Dining hall revolution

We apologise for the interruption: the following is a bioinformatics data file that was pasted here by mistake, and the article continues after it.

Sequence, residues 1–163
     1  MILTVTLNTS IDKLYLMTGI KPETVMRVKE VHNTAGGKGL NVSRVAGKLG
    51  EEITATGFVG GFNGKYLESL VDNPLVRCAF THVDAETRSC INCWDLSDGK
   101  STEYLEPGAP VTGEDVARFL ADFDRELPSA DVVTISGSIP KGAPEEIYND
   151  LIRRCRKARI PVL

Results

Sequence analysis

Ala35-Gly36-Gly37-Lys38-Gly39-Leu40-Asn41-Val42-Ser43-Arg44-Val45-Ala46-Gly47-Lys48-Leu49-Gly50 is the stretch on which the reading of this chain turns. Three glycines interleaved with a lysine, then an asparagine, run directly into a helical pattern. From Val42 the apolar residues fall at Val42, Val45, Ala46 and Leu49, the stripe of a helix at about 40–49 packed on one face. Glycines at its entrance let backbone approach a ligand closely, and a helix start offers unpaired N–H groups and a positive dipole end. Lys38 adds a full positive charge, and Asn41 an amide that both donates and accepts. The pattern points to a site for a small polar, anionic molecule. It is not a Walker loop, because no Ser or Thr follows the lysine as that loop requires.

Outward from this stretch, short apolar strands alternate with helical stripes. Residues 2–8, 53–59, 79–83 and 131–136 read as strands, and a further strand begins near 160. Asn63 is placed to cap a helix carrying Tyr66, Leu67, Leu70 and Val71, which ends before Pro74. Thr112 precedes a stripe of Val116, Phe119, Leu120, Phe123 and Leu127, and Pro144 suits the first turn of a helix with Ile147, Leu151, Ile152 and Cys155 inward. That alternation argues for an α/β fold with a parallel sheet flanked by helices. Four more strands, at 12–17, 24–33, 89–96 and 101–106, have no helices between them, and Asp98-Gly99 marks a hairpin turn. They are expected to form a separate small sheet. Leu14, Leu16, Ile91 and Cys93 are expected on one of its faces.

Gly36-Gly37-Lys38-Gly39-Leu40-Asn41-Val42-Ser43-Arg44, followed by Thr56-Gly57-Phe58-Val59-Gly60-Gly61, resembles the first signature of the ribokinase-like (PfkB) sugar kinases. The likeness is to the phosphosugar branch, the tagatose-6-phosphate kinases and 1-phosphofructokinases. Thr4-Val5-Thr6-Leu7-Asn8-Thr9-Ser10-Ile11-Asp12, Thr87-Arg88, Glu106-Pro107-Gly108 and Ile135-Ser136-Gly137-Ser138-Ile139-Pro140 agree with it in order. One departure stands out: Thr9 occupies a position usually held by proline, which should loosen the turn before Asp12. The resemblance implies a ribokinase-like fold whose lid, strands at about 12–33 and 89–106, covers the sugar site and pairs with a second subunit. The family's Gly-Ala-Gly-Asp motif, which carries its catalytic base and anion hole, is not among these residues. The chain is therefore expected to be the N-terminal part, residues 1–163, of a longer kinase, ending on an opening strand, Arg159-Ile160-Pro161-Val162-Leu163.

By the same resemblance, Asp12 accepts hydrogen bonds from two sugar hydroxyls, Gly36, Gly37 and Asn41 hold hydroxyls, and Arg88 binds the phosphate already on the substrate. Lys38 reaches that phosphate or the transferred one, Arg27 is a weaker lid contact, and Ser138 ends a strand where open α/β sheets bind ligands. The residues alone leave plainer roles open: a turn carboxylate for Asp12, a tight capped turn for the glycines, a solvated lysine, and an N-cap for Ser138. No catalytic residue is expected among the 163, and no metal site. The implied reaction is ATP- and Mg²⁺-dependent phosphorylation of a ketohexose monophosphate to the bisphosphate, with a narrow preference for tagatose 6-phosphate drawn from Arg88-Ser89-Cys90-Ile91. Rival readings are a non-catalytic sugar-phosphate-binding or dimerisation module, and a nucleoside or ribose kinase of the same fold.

School dinners have recently hit the headlines in a flurry of controversy, amongst widespread claims that the standard of food preparation in schools has been sliding since those pre-Thatcher halcyon days. On the left, such claims are characteristic of the tendency to hark back cheerfully to a golden age of free milk and social democracy in order to provide a point of reference for public services and a model for them now. In reality, school dinner provision was systematically undermined, with large parts of it dismantled altogether, not only by Tory initiatives but also by Labour efforts. In 1978, for example, the Callaghan government sought to halve the £380 million cost of meals through a reduction in quality and adulterated convenience foods. There is, however, some basis for stating that school dinners at least had some minimum nutritional value in the past. For example, legislation enacted in 1940 laid down that they must provide 40% of daily protein and 33% of daily energy and be available to every child who required them. By 1947, the government was covering 100% of the cost. Since 'milk-snatching' Margaret Thatcher in 1971, however, such standards have been eroded with the withdrawal of government subsidy and the gradual replacement of 'fresh' food with denatured processed alternatives. It is not just primary school children who suffer: an article in The Guardian described the dire state of food in Britain's private nurseries. One parent was horrified to discover that her child was fed Wotsits as an afternoon snack: "I was flabbergasted," she said. "I don't give them to my child at home and I don't expect him to be served them at school" (April 6). Nursery school children are in a stage of rapid growth, not only in terms of physical and mental development, but also in the social and cultural sense. To serve homogenised crap to working class toddlers is to set them up for a life of dietary backwardness and low expectations. To avoid this, we say meals should be nutritionally balanced and diverse in cultural origin; nowhere is this more important that in primary schools and nurseries, where social personality develops apace and conservative habits that are picked up tend to stick. School dinners, therefore, have become a political hot potato. Parental concern over the state of school cooking has increased - with a little help from Jamie Oliver, whose 'Feed me better' campaign implores the discerning pupil to "start a revolution in your dining hall". The left should take note: Jamie is posing as the Lenin of food. His recent TV programme, School dinners, is the spearhead of a campaign to increase the paltry sums the government allocates for expenditure on school meals; in the worst instance, 37p per child, per day, plus labour. Oliver recommends a marginally less pathetic 50p, but this still falls short of the minimum 65p proposed to meet all a child's nutritional requirements. By way of a response, the government proposed, in typical New Labour lingo, the introduction a "tougher minimum standard" for local authorities, but has so far refrained from quantifying such a standard, producing the requisite cash to ensure it is achieved or coming up with any structural alterations - vocational qualifications for catering staff, purchasing guidelines, etc - to meet it. Most importantly, the government has failed to provide, in the words of Peter Melchett of the Soil Association, a "baseline nutritional standard" for school meals. Nonetheless, the commotion generated by Jamie Oliver's TV programme and the reaction he has provoked says a great deal about the power of celebrity culture - not to mention the promotion of a consumer identity that obscures notions of class loyalty and blurs the distinction between exploiter and exploited, disguising this relationship through the promotion of a common concern for commodity quality. A link from Jamie's website, for example, points us to a popular online advocacy film called The Meatrix, an animated short about the barbarism of the meat industry. Quite correctly, the film highlights the horrendous ill-practice that forms the basis of capitalist agriculture: deformation, mutilation, abuse, pollution - essentially all the characteristics of a system which invests purely for profit. An unintentionally hilarious sequence features a faux-Matrix killer robot, tentacles flailing, stamping on cosily depicted family dwellings and replacing them indiscriminately with miserable grey battery farms, in a convenient but unintended visual summation of capitalism's irresistibly ruinous drive towards overproduction and exploitation and the nature of received consumer wisdom that has sprung up in response: "It's you, the consumer," exhorts a cartoon cow, "who has the real power." Such is modern politics, bereft of a proletarian dimension. But the real world is rather different: even in the narrow context of school meal preparation, it will come as no surprise to learn that working class areas have considerably less financial means at their disposal. Rotherham, Redcar, Cleveland, Birmingham and Stockton-on-Tees hit the national low, spending between 37p and 40p per child per meal, whereas the considerably wealthier boroughs of Kensington, Chelsea and Wandsworth rank higher, managing the lofty heights of 65p or even 70p. As communists, we recognise that the working class takes the brunt of the capitalist state's attempt to cut costs, and as such, it is our children who are expected to eat food which is largely dross. We take, therefore, the nutritional and culinary needs of children as our starting point in considering the food they ought to be served. Meals ought to look good, taste good and do you good. Once these requirements are established, the necessary budget can be worked out - the opposite of the penny-pinching of the establishment parties, united as they are around the Thatcherite consensus. Jules Barca